To those of us who were re-elected, I congratulate them. I congratulate you all on winning the support and the trust of your communities. To have your contract renewed for the next three years I think is a credit to all who have put in so much time and effort, both in the campaign phase and also in the years leading up to the election. It is a very different parliament from the one we have just finished and I welcome the package of reforms that have been negotiated, which I believe will provide more opportunities for private members’ business and allow local members to raise more local issues. I recall that in my own maiden speech I commented on the need for greater respect to be demonstrated in this place and I believe the Australian people are demanding that from us. They are watching us and they are demanding it from us in this new parliament. I believe that neither side is the font of all knowledge and it is incumbent on both sides to listen to the debates and to consider the ideas and the merits of poli ies that are put forward and not simply oppose for opposition’s sake. I believe at the same time that the government has a responsibility to listen to the ideas put forward by the opposition, to take them on board and to amend policy to reflect the feedback they receive from the other side.
We can have robust debate, but when it descends into name-calling and heckling I do not think we do ourselves any great credit in this place. So from my perspective I will certainly be doing everything I can to hold this government to account, but I will work with ministers where appropriate to achieve good outcomes for my electorate—not just for the good of Gippsland but for all regional Australians. I will be, as I said, urging the ministers to listen more to opposition MPs. I do not believe that in the first term the government actually lacked ideas; they simply lacked the ability to deliver the projects on the ground. Their record of delivery has been appalling and there are many occasions where they have been quite incompetent when it comes to issues such as the Home Insulation Program and certain aspects of the Building the Education Revolution program. In both those programs there were opportunities for the government to listen to the advice provided by others—sometimes from this side of the House, sometimes from departments—but those opportunities to listen were ignored.
Like other MPs, I come to this place with an enormous amount of support from a team of volunteers that helped us to get elected in the first place, and it would be remiss of me not to use this occasion to thank so many people for their support during the election. It was a great result for us in Gippsland. Against a swing that was heading towards the government in Victoria, we were able to record a swing of more than five per cent to the National Party. That is the first time since 1996 that the seat of Gippsland has been won on primaries. So I was delighted with the result but fully cognisant of the fact that the result was a team effort. Nothing could have been achieved without the strength of a team behind me. The National’s performance at a federal level, with Warren Truss as our leader, is one that we can be very proud of. To win additional seats and to see all my colleagues in the Nationals returned, plus some new faces in our party room, gives me great hope for the future of our party. It is something that media commentators may want to take a closer look at. Although they are still writing stories about the death of the Nationals, the facts do not fit their story. We have had three additional members of the House of Representatives elected and also an additional senator elected in Victoria. I thank my colleagues in the Nationals for the support they have shown me over the past 2½ years. It really is, in comparison to the other parties, I believe, more of a family style party in the sense that we do get along very well, we work closely with each other and we are quite a small unit. We enjoy each other’s company enormously, and I think that is the strength of our party looking to the future.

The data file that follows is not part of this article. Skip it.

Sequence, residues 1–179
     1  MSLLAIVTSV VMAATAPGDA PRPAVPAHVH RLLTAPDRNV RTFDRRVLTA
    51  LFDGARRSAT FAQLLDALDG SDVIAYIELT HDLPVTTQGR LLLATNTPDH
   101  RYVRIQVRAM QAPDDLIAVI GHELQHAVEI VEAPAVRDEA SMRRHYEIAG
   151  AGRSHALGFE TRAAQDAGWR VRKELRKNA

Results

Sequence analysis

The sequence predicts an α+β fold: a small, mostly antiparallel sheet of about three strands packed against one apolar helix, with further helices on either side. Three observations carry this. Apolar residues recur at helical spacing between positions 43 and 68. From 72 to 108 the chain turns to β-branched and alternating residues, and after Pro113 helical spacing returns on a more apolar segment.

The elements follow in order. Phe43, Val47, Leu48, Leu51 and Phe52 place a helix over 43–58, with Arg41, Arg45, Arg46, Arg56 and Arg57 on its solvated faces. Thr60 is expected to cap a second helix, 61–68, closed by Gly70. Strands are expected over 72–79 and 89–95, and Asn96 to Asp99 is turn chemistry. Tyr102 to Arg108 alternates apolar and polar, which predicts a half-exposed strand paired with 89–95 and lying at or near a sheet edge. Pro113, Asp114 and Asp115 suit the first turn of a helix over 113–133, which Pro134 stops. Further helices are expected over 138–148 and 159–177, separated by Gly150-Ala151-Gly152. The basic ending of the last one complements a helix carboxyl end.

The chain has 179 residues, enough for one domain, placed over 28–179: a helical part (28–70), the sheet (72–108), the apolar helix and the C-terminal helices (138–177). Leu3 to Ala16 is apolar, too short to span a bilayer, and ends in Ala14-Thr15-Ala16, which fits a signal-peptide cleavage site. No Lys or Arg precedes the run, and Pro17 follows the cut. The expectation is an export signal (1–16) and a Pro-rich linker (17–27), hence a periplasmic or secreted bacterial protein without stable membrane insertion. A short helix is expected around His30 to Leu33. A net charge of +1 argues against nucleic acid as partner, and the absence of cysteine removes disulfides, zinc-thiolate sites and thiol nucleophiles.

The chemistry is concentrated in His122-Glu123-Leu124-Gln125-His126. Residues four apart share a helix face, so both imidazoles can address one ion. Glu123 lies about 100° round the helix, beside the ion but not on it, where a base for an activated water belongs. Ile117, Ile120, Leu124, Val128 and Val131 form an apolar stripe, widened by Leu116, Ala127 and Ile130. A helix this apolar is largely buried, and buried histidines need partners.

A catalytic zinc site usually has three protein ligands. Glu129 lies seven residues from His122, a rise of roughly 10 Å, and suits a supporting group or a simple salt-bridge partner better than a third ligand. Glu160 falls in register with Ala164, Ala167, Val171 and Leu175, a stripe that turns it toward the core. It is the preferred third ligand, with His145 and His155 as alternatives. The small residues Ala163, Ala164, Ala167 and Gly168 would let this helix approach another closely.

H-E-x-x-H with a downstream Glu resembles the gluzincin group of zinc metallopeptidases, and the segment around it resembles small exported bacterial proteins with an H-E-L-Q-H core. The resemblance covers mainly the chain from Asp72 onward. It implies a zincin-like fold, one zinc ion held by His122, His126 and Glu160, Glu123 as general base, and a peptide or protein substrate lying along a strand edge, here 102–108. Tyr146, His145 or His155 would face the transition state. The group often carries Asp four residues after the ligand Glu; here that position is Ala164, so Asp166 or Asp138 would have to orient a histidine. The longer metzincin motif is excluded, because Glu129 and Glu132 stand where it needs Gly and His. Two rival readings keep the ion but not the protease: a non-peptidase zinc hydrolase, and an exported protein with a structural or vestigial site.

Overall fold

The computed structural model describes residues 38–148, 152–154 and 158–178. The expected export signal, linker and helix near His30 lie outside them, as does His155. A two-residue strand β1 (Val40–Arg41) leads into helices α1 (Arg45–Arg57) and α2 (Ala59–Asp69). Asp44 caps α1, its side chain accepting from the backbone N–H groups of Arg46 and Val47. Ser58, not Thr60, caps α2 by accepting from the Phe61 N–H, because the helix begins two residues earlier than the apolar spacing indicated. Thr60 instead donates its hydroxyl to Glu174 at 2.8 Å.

I would also like to thank our federal director, Brad Henderson, for his support and encouragement over the years and certainly during the election campaign. Brad and his team do a terrific job. He has only a small team but they do a terrific job in supporting the MPs, particularly in the lead-up to the election. At a local level, nothing is possible for a member of parliament without the support of good staff. I think we are all able to do our jobs because we have staff who are willing to share the load with us. I am very fortunate in my seat of Gippsland to have excellent staff and I would like to thank them all individually: Ruth Lucas, Nicole Conway, Kirsten Collins, Jenny Graham, Jenny Hammett, Jo Crawford, Heather Buntine, Di Lilburne and Chris Daffey. I assure the House that I do not actually have nine staff working full time for me—just a mixture of part-time and maternity leave positions which makes it sound like more than usual. But my staff have been an enormous support to me over the past 2½ years and they continue to offer their professional skills, their dedication and their loyalty to help us in the role that we fulfil and to help me personally in the role I play in the Gippsland electorate.